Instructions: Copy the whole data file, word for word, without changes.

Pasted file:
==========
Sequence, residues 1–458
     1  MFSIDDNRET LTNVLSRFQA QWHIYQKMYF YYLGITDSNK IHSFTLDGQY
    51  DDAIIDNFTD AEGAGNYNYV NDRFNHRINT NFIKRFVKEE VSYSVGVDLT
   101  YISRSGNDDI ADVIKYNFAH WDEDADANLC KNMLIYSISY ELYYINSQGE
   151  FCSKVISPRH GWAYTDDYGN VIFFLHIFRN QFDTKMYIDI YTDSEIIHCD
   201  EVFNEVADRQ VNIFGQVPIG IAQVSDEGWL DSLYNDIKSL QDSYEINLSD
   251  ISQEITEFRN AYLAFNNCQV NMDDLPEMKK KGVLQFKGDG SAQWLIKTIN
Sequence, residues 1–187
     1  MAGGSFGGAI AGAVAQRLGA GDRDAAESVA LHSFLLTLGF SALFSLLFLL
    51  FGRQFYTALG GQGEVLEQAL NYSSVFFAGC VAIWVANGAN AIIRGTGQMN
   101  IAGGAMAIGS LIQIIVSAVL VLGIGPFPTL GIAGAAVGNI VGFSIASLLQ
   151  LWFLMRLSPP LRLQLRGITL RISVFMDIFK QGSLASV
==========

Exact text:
Sequence, residues 1–458
     1  MFSIDDNRET LTNVLSRFQA QWHIYQKMYF YYLGITDSNK IHSFTLDGQY
    51  DDAIIDNFTD AEGAGNYNYV NDRFNHRINT NFIKRFVKEE VSYSVGVDLT
   101  YISRSGNDDI ADVIKYNFAH WDEDADANLC KNMLIYSISY ELYYINSQGE
   151  FCSKVISPRH GWAYTDDYGN VIFFLHIFRN QFDTKMYIDI YTDSEIIHCD
   201  EVFNEVADRQ VNIFGQVPIG IAQVSDEGWL DSLYNDIKSL QDSYEINLSD
   251  ISQEITEFRN AYLAFNNCQV NMDDLPEMKK KGVLQFKGDG SAQWLIKTIN
Sequence, residues 1–187
     1  MAGGSFGGAI AGAVAQRLGA GDRDAAESVA LHSFLLTLGF SALFSLLFLL
    51  FGRQFYTALG GQGEVLEQAL NYSSVFFAGC VAIWVANGAN AIIRGTGQMN
   101  IAGGAMAIGS LIQIIVSAVL VLGIGPFPTL GIAGAAVGNI VGFSIASLLQ
   151  LWFLMRLSPP LRLQLRGITL RISVFMDIFK QGSLASV